When GM Marc Bergevin and the Montreal Canadiens announced the UFA signing of Daniel Briere, there were mixed responses among the media and fan base. On one hand, Briere was a born and bred Quebecer who grew up idolizing the bleu-blanc-rouge and signing with the Canadiens was a dream come true.
On the other hand, Montreal handed him a two-year deal at $4 million dollars per season – a rich contract for a player recently bought out of his contract by the Philadelphia Flyers. Briere’s game dropped off considerably in Philly as he dealt with injuries, including concussion, wrist, and back issues.
It’s no question that Briere has been on the hot seat in Montreal. With David Desharnais clearing out of Michel Therrien’s doghouse, Daniel Briere has checked in for what the maligned veteran hopes to be a temporary residence.
The 36-year-old saw his icetime diminish to only 4:27 against Phoenix Coyoes before being made a healthy scratch against the St. Louis Blues. In the Canadiens’ final game before the holiday break, Briere returned to the lineup and played a respectable 14:06, but the jury is still out on whether or not he can contribute on a regular basis.
Meanwhile, at 41-years of age, Jaromir Jagr is enjoying what could prove to be his most productive season since 2008 when he posted 71 points through 82 games with the New York Rangers.
Both Daniel Briere and Jaromir Jagr carry an annual average salary of $4 million dollars (Jagr’s base salary of $2 million dollars can be doubled through bonuses). Briere is younger, Jagr has more points. Jagr’s deal is only for one year, Briere’s for two. Briere is fast, but small. Jagr is big, but slow. Briere is French Canadian, Jagr is Czech.
So, did the Habs sign the right veteran to shore up the top nine? Hindsight is 20/20, but the season is still young. I took the question to the HabsWorld writers and community on the Forums:
Answers from HW’s writers:
Alex Létourneau: I always thought the Briere signing was done a few years too late. He picked Philadelphia in his prime and his decline has been worse than Jagr’s – and I use decline in terms of Jagr’s production in the nicest way possible. Jagr is a first ballot hall of famer, and, that aside, he has displayed excellent chemistry with Tomas Plekanec in international tournaments. Throw in the $2 million [base salary] for Jagr compared to the $4 million Briere commands over the next two seasons, I would have to think Jagr would’ve been the no-brainer. The only saving grace here is if, and that’s a big if, Briere continues to do what he is known to do in the playoffs, and that’s provide momentum shifting, series defining goals. We all remember Jagr pitching a doughnut in the goals scored department during Boston’s ill-fated cup run last season. Time will tell, but right now, I’d take an aging #68 over #48. Montreal would be lucky to see Briere hit 48 points this season while Jagr is on pace for 71 points.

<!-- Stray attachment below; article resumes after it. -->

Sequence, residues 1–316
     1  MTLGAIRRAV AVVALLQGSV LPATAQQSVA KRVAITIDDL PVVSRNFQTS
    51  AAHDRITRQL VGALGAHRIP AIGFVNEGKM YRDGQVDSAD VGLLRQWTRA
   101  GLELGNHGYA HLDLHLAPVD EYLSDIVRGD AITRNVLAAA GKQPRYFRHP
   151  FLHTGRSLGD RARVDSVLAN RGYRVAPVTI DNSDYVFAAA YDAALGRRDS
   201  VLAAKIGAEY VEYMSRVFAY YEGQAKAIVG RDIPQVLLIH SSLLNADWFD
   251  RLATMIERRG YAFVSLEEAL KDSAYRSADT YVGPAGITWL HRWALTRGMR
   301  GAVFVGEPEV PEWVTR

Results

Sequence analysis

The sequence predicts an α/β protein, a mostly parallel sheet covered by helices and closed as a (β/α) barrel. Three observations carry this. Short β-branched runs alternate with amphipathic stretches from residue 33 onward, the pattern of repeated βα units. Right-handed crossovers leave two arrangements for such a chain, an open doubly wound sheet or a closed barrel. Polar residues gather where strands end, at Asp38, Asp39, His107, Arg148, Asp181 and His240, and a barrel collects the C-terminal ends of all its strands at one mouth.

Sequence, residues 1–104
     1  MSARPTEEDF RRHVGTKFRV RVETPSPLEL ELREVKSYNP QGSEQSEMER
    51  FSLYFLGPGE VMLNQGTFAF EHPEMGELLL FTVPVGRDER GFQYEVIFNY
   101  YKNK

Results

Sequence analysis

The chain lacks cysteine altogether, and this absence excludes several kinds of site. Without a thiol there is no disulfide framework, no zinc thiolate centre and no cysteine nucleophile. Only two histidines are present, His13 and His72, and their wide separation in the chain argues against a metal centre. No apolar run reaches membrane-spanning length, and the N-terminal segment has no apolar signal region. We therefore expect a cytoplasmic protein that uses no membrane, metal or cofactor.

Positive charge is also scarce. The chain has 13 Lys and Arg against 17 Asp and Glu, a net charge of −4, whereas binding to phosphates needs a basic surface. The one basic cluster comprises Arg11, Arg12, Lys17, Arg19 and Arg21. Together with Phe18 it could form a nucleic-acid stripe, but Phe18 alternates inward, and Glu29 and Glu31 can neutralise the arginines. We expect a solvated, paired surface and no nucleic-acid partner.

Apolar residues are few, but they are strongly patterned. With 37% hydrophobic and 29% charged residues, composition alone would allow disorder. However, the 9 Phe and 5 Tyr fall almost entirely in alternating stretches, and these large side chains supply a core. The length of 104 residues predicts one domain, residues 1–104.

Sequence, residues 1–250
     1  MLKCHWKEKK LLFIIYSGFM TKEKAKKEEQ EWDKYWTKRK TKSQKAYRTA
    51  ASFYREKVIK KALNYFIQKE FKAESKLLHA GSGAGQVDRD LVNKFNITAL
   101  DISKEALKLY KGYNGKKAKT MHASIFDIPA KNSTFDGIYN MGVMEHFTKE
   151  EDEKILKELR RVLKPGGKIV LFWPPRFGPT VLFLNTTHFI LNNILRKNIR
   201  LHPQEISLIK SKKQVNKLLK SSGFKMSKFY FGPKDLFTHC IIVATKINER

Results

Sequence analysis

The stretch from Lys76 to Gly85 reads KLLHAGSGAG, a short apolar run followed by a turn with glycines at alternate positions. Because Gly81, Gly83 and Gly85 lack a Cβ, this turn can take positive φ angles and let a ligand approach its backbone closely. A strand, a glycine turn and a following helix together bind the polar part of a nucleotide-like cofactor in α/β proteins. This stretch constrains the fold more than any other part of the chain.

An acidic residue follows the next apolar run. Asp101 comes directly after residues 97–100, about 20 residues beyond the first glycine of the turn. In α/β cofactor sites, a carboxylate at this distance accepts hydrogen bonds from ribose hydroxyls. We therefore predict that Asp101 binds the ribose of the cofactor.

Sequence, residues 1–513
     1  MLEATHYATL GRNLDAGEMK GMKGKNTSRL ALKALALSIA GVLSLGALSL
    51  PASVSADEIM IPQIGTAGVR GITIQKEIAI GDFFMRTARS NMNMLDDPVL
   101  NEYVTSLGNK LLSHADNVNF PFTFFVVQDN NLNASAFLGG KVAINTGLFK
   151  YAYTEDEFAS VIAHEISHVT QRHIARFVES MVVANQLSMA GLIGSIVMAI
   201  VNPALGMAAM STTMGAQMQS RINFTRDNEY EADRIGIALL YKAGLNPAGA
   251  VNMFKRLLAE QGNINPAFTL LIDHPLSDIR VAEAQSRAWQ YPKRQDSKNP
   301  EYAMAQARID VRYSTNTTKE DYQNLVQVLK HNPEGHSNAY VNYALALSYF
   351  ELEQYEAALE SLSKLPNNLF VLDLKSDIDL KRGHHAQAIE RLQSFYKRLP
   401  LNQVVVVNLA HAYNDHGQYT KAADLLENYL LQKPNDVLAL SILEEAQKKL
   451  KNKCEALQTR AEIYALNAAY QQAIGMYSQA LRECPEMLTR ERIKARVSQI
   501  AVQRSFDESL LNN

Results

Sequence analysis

Kevin Meldrum: That is an easy no for sure. The Canadiens needed size up front and Jagr would have been a perfect fit on the second line. A big body with a few miles left, he is still in great shape with so much skill. He wanted to play for the Habs and would have been awesome for the younger players with his knowledge and veteran leadership. They should have signed him over Briere – all we heard was how we need to get bigger.